What Wasserman calls extortion is just accountability to people who do their homework, Reynolds believes. Scott Rosenberg points to “consumers of journalism, who have—sadly but understandably—taken the profession’s traditional avowal of objectivity at face value, and then become outraged at its failure to achieve that pristine state.”
I draw a different connection. A feeling of being under siege would explain both the Rock Concert Credibility Blues (alternate title, “Don’t succumb to the music, newsies”) which is a policy in absurd flight from politics; and Let’s Band Together and Petition the Justice Department, which is an openly political move and a challenge to the Administration.
After Matter: Notes, reactions & links…
In the News: Republicans in Minnesota, acting through the state party, call on the (Minneapolis) Star-Tribune to fire an editorial employee: the pollster, for under-predicting Republican strength.
Tom Fiedler, Miami Herald staff warned about political concerts (Memos to Romenesko)
For clarity here, let’s distinguish between the unattainable standard of objectivity — a scientific absolute poised as subjectivity’s opposite — and the entirely attainable, and laudable, standards of fairness and accuracy and honesty and transparency that any journalist of good mind and heart will subscribe to. Fairness: If you’re presenting one side of a story, you owe it to your readers, your subjects and yourself to weigh the other side’s case. Accuracy: Observation should always trump preconception, and you just don’t publish something that you know is untrue, even if it helps make an argument you cherish. Honesty: You do your best to present the truth as you have witnessed it and understand it, knowing that your witness and understanding are shaped by who you are, yet also knowing that honesty will sometimes require you to report things that make you uncomfortable or call your own beliefs into question. Transparency: You do your best to avoid financial conflicts of interest, and where you have an unavoidable interest in a story you’re covering, you reveal it up front.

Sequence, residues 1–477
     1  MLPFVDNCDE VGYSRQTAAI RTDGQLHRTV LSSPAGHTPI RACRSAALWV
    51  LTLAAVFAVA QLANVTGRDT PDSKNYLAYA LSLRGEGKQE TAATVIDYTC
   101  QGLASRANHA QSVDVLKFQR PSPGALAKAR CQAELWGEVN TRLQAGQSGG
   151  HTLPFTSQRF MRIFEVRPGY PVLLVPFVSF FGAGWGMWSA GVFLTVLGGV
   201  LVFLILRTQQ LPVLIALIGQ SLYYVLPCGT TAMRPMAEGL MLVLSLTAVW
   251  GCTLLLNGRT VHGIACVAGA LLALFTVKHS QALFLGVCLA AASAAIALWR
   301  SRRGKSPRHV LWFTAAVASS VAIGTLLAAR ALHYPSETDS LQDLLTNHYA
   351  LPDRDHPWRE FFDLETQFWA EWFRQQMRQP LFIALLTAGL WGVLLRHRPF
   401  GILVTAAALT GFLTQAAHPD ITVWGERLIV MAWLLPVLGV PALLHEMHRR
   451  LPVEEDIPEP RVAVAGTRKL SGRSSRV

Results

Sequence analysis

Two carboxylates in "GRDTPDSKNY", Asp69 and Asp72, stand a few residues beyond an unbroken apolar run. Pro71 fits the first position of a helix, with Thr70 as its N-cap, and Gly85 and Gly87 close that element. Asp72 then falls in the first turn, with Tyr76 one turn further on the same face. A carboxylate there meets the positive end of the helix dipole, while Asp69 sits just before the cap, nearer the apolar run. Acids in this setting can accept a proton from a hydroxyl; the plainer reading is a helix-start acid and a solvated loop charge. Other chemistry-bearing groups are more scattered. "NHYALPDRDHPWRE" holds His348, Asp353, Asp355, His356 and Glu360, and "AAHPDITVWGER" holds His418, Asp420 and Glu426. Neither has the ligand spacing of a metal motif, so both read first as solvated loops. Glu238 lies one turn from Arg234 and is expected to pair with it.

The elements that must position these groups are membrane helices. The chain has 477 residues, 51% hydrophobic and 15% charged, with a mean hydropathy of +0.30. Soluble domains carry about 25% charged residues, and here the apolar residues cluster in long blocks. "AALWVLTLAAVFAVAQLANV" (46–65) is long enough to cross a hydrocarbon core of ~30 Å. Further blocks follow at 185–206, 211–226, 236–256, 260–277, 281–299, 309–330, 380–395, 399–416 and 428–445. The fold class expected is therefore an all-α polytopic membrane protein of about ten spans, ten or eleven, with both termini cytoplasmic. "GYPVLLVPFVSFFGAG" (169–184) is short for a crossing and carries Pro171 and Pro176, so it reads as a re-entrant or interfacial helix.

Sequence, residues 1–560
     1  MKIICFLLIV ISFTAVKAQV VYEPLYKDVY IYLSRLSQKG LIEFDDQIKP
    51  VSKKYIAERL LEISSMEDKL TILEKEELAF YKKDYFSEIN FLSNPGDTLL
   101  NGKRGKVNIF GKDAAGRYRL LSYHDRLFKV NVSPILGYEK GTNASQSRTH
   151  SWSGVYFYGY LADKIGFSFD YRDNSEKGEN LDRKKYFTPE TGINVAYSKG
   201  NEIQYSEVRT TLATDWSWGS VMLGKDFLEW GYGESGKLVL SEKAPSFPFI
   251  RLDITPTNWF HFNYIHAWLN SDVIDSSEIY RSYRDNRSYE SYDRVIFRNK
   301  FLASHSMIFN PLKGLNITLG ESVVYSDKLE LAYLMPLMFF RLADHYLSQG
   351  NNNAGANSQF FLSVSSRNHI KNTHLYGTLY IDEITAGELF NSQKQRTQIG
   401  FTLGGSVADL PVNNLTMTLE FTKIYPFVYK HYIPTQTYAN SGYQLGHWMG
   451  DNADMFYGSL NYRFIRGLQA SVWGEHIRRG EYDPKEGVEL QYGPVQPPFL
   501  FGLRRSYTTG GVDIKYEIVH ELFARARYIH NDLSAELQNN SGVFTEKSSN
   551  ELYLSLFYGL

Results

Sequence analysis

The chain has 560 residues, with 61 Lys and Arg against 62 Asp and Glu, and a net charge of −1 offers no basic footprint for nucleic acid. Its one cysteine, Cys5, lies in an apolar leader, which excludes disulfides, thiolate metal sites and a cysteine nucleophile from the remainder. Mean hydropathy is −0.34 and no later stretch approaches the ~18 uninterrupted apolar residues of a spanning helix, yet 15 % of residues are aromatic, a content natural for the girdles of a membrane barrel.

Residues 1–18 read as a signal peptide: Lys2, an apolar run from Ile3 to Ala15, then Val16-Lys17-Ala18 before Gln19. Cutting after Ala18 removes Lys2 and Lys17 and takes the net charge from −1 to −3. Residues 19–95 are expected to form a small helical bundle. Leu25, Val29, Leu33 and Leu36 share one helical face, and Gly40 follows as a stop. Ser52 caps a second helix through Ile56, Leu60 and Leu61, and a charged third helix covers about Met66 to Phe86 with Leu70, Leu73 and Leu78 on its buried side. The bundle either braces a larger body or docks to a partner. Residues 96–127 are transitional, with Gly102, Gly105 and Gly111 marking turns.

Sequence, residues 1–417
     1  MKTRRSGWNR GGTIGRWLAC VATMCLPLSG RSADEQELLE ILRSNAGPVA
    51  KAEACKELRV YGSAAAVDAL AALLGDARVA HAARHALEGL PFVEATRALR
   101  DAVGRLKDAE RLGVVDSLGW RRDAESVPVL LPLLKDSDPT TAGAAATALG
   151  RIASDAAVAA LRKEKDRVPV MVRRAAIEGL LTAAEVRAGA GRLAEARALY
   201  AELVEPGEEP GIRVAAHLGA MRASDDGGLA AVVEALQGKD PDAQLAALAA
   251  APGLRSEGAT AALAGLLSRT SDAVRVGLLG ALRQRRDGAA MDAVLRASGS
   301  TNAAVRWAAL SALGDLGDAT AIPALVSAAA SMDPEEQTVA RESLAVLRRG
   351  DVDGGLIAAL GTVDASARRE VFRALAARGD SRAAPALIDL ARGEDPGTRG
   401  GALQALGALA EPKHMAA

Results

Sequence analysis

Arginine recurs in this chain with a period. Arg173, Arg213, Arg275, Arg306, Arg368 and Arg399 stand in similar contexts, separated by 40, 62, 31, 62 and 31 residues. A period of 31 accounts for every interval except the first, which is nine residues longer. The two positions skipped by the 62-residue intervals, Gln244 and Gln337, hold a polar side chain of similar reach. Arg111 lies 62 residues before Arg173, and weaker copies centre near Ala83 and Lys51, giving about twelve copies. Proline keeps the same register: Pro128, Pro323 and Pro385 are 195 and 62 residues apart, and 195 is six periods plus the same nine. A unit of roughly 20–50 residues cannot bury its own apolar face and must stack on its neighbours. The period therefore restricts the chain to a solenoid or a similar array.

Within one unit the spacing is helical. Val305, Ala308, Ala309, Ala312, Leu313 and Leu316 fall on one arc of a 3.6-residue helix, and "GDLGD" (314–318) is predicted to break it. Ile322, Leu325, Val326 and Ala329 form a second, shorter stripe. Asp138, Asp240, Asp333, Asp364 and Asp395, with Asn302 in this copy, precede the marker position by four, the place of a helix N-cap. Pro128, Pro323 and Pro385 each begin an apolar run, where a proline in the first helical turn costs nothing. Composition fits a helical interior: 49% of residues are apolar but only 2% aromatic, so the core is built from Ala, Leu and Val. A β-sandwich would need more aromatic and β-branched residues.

“Now I see the world through the prism of AIDS,” Jeffrey Schmalz wrote.
“I feel an obligation to those with AIDS to write about it and an obligation to the newspaper to write what just about no other reporter in America can cover in quite the same way.” He spoke of his situation as a reporter in the context of women who cover women’s issues, or blacks who cover issues of importance to blacks, calling it “the cutting edge of journalism.”
from PressThink May 1, 2004: Of Course Ted Koppel Was Making a Political Statement. So What?
Posted by Jay Rosen at September 10, 2004 12:46 AM Print